How to Shop for Emerald Engagement Rings

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In recent years, emerald engagement rings have been on a bit of an upswing.
While not quite as popular as diamond rings just yet, rings made from this type of stone are certainly catching up quickly, keeping abreast of or even overtaking rivals such as ruby engagement rings or sapphire engagement rings.
But as with every other type of stone, shoppers browsing for emerald engagement rings should be wary of cons and scams designed to take their money in exchange for a product of a lower quality.
Fortunately for prospective buyers of this type of ring, it is relatively easy to spot these lesser products, if one knows what to look for.
When it comes to buying emerald rings, then, one ought to try to analyse roughly the same factors as one would for a diamond ring.
First and foremost, it is important to take into consideration the hue of the stone.
This refers to the purity of the colour, and big money should only be spent if the gem has few to no imperfections, and an almost completely pure green tint.
Anything less should imply a lower price bracket.
Aside from purity, couples buying emerald engagement rings should pay attention to tone.
Darker-hued emeralds tend to be more valuable than those with lighter tones and should be priced accordingly.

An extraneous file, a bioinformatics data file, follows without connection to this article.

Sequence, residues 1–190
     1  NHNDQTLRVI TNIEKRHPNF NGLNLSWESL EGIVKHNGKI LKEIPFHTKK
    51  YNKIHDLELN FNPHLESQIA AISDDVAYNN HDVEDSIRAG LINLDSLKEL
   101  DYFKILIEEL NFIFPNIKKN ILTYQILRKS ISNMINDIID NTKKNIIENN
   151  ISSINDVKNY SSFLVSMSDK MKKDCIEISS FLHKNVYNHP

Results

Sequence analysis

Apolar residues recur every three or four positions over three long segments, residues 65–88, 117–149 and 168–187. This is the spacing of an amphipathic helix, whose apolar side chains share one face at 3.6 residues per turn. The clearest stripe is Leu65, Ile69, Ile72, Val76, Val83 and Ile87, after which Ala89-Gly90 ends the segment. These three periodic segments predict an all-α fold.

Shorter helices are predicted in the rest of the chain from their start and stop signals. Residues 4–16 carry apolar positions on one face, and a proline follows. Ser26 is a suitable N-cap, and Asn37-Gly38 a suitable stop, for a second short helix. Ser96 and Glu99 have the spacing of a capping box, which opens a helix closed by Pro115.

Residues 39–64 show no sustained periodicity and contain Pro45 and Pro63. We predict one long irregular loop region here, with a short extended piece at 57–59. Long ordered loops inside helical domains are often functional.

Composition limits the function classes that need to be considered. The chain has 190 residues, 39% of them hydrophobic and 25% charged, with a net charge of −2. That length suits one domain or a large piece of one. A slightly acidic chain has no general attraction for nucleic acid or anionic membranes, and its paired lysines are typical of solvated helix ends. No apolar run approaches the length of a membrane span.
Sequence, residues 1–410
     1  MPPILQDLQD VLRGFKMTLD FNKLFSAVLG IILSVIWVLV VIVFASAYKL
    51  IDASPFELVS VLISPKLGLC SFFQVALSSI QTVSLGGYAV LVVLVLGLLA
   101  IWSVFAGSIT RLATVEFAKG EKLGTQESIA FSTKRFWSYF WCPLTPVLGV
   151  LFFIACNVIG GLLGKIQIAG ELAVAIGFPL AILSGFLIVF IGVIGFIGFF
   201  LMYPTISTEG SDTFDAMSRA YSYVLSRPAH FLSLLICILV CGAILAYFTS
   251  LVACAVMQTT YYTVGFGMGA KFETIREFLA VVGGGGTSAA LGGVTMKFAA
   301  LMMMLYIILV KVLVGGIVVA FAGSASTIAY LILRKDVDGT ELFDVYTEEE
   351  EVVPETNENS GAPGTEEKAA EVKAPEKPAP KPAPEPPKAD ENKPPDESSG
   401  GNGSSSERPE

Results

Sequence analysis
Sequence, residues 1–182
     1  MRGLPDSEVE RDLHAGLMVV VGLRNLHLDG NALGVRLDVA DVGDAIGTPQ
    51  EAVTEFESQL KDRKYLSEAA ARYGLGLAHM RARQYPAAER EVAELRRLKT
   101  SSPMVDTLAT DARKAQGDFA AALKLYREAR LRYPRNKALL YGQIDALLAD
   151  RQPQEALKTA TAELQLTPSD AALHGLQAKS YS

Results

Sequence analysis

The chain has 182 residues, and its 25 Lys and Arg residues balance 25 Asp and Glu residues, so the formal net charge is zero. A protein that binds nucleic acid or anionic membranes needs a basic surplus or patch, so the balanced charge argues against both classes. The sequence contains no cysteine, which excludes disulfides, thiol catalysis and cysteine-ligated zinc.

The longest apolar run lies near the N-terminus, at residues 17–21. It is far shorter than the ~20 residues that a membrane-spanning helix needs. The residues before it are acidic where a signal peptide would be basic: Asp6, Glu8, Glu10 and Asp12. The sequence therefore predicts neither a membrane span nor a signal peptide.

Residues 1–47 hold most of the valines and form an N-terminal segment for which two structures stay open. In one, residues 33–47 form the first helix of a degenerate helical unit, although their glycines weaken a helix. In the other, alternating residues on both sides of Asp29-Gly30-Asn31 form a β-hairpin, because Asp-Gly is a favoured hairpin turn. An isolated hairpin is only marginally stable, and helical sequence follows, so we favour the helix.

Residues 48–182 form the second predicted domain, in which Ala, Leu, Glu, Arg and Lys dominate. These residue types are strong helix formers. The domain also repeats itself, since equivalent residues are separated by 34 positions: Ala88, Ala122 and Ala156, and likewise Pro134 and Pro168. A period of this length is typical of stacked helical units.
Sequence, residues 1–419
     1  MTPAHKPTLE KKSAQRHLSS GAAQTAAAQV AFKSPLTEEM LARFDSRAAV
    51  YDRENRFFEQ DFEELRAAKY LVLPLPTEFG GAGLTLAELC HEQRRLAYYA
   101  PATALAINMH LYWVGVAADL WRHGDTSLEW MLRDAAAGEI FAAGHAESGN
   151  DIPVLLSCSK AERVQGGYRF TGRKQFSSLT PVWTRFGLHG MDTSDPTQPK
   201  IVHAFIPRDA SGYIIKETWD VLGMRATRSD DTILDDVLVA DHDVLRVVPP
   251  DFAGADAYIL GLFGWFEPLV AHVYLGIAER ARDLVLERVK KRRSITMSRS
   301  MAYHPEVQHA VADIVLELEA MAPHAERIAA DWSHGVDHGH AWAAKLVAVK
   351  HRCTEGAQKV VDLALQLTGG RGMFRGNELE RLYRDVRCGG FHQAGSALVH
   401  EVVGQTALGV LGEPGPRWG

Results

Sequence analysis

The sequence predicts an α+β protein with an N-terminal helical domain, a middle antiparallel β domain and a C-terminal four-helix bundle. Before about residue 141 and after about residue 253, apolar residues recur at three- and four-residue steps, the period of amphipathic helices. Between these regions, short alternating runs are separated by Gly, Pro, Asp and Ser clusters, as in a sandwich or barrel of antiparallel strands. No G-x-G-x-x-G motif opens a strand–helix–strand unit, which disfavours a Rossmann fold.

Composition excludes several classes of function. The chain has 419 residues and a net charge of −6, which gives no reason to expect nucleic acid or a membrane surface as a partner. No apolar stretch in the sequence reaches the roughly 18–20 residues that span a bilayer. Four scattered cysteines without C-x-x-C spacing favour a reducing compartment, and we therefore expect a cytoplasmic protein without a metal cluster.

The best-quality emeralds will have a hue ranging from medium to rather dark.
Perhaps the most important element to scrutinize when analysing colour for emerald rings, however, is saturation.
This refers to the strength of an emerald's colour and directly affects the stone's reflective qualities.
Ideally, this factor should, of course, be as high as possible, as stones with low saturation will look flat, dull and unappealing - the opposite of what is desirable for centre settings for emerald jewellery.
Colour is not, however, the only factor to take into consideration when analysing the stone in a ring.
Cut should also be accounted for, and in this regard prospective buyers should look for cuts which reflect well.
These obviously include the emerald cut, as well as the pear, teardrop, round, oval and cabochon cuts.
In terms of quality, buyers seeking emerald engagement rings should expect inclusions (small defects in the stone), although interior ones are preferred to surface ones, as the latter can negatively affect the durability of the stone.
Clarification about oiling and other treatments should also be made, as some of these are perfectly acceptable, whereas others may harm the gem.
Carat weight is also an important consideration, as it obviously influences the price.
Imperfections are also easier to spot on larger emeralds, so couples should consider their requirements carefully before launching into a purchase.
Finally, buyers of emerald rings should endeavour to find out a little more about where the stones come from that they are preparing to buy.
This is not only due to the obvious environmental and social concerns, but also because gems from certain mines may have qualities that are more evident when compared to those mined elsewhere.
Emeralds from the Cozcuez mine, for instance, have an intense saturation, while those from the other two major mines in Colombia often possess coloured inclusions, which may appeal to couples wanting 'speckled' stones in their rings.
It is clear, then, that while there are a few things to take into account when shopping for emerald engagement rings, it is relatively easy to spot and avoid stones of a lower quality.
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